Mice were weighed and checked for stool consistency and the presence of gross blood in the stool every day during the experiment. The DAI scores were assigned as follows: percentage of body weight reduction (0: no change; 1: 1–5%; 2: 6–10%; 3: 11–15%; 4: >15%); stool consistency (0: normal; 2: loose; 4: diarrhea); and the presence of fecal blood (0: normal; 2: positive occult blood test; 4: visible bleeding) . The DAI was calculated as the sum of these scores divided by 3.
2.4. Determination of Histological Scoring
After mice were sacrificed, the entire colon was removed for gross colonic pathological damage observation. The colon samples with the worst damages were formalin-fixed, paraffin-embedded, and cut into 4 μm thick sections for HE staining and histological analysis. Slides were examined and scored in a blinded fashion using the published grading system . The scores were measured as follows: severity of inflammation (0: none; 1: slight; 2: moderate; and 3: severe), depth of injury (0: none; 1: mucosal; 2: mucosal and submucosal; and 3: transmural), and crypt damage (0: none; 1: basal one-third damaged; 2: basal two-thirds damaged; 3: only surface epithelium intact; and 4: entire crypt and epithelium lost).
2.5. Detecting DCs and T-Regs by FCM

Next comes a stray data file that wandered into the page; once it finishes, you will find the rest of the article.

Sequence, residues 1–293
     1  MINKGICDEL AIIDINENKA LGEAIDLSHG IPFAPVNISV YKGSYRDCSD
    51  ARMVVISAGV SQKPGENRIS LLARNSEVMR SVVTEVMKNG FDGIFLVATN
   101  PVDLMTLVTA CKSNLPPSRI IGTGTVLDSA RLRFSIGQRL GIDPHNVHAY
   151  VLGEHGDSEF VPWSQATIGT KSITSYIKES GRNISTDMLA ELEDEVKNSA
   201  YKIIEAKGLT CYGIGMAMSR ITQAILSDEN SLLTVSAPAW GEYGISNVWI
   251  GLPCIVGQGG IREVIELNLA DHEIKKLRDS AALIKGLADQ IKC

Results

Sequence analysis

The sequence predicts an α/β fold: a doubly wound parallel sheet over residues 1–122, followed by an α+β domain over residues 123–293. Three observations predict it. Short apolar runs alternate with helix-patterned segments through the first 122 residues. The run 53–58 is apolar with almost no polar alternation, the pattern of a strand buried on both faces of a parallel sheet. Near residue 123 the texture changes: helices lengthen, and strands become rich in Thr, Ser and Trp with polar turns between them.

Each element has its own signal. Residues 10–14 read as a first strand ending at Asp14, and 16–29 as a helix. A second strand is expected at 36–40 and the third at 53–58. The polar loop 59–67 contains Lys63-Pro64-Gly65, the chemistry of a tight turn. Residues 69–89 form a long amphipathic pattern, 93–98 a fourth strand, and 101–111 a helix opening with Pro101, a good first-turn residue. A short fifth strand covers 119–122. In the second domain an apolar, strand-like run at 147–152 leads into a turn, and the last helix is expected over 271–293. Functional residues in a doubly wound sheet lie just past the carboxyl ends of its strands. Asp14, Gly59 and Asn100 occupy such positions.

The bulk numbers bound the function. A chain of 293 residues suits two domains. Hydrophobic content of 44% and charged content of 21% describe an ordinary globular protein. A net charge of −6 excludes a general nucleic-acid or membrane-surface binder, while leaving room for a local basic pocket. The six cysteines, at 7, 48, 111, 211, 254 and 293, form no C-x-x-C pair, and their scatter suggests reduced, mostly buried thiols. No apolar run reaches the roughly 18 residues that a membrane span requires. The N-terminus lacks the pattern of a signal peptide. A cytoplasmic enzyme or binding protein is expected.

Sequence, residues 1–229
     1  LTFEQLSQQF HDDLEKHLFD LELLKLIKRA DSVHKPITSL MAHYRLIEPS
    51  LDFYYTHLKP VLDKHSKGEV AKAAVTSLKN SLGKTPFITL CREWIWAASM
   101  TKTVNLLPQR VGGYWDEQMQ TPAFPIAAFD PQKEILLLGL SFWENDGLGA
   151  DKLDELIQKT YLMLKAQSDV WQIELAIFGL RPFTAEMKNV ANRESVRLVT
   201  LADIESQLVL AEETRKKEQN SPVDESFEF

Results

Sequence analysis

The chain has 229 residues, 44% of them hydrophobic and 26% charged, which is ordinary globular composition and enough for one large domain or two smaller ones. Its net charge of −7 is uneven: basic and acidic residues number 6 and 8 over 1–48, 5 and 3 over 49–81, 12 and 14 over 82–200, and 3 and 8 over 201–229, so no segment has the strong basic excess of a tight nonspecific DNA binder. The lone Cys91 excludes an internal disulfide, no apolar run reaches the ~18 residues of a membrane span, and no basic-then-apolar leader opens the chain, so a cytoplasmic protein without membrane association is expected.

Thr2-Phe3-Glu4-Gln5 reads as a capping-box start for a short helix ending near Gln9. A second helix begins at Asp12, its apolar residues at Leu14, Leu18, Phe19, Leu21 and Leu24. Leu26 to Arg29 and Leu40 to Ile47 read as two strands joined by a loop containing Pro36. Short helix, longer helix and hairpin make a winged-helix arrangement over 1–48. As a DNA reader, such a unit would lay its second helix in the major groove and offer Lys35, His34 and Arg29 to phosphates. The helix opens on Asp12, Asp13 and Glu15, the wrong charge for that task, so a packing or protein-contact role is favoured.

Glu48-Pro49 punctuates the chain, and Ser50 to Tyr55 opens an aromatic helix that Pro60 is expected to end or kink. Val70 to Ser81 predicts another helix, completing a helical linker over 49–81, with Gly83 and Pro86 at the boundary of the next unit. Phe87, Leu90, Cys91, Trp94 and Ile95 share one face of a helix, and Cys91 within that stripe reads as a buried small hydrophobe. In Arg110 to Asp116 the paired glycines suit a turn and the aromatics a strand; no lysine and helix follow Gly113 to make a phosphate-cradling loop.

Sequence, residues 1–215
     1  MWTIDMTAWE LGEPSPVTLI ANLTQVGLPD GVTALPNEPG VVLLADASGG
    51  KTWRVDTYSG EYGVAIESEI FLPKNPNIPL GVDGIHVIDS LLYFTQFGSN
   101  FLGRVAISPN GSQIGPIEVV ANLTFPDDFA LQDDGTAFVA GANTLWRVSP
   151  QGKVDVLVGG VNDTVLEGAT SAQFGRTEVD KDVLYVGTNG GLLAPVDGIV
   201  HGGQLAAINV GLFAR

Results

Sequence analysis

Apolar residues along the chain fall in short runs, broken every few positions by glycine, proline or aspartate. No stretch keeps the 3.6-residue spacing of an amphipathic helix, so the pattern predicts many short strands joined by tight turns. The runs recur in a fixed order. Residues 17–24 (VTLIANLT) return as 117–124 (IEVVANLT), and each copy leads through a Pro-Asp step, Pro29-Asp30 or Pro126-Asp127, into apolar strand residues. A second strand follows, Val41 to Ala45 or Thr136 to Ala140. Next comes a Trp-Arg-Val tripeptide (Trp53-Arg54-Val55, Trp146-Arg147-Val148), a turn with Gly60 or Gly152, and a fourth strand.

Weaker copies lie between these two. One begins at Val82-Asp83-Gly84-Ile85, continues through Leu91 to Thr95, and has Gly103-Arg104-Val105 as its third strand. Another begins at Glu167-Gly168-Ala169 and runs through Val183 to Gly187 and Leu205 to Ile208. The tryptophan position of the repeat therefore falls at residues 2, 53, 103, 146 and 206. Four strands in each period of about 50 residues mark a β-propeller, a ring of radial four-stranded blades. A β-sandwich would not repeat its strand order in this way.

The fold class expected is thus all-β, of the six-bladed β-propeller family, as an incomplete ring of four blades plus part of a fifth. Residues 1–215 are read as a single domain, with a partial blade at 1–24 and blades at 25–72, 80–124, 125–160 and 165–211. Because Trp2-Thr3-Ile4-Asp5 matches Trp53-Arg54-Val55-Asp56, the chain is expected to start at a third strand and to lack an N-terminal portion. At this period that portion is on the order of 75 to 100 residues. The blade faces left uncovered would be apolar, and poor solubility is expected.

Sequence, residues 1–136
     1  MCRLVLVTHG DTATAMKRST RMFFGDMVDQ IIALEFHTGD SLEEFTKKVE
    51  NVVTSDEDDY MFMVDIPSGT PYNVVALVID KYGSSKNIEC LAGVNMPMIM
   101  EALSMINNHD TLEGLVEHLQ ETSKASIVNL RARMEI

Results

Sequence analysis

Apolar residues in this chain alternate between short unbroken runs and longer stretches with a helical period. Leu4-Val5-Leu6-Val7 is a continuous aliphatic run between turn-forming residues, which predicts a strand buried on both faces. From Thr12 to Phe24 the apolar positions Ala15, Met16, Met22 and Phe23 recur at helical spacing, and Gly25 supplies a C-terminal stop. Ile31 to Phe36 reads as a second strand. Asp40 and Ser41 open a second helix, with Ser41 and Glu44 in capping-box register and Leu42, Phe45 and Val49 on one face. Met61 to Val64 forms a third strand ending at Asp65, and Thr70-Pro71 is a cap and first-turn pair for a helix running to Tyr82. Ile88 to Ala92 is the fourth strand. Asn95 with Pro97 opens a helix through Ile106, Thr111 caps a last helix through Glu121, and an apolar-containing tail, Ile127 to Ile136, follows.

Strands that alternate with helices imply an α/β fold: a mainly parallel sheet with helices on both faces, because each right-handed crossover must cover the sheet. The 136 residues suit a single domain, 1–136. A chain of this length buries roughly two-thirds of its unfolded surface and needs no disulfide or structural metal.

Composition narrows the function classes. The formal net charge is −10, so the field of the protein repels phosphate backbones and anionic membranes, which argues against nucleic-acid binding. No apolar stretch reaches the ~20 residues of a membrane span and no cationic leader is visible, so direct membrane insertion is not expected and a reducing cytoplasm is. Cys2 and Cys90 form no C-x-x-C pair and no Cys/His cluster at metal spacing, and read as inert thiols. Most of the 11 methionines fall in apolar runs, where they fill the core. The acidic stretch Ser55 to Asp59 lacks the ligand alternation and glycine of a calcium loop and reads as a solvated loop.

The fresh clean colonic tissues about 0.2 g were mechanically disaggregated into a single cell suspension by using 75 μm mesh. PBS-BSA-ETDA solution was added to the cells for a concentration of 1 × 106/mL. The single cell suspension was centrifuged for 5 min at 1500 ×g at room temperature. After removing the supernatant, cells were incubated with 5 μL PE-conjugated anti-mouse I-A/I-E and FITC-conjugated anti-mouse CD103 for 30 min at 4°C. The cells were then washed, centrifuged, and resuspended in 0.5 mL PBS before subjecting them to FCM for detecting DCs. For detecting T-regs, cells were stained with PE-conjugated anti-mouse CD4 and PerCP-conjugated anti-mouse CD25 for 30 minutes at 4°C. Cells were subsequently washed in staining buffer twice prior to fixation and permeabilization using eBioscience’s buffers for intracellular staining of FoxP3 according to the manufacturer’s instructions. The cells were then washed, centrifuged, and resuspended in 0.5 mL PBS before subjecting them to FCM.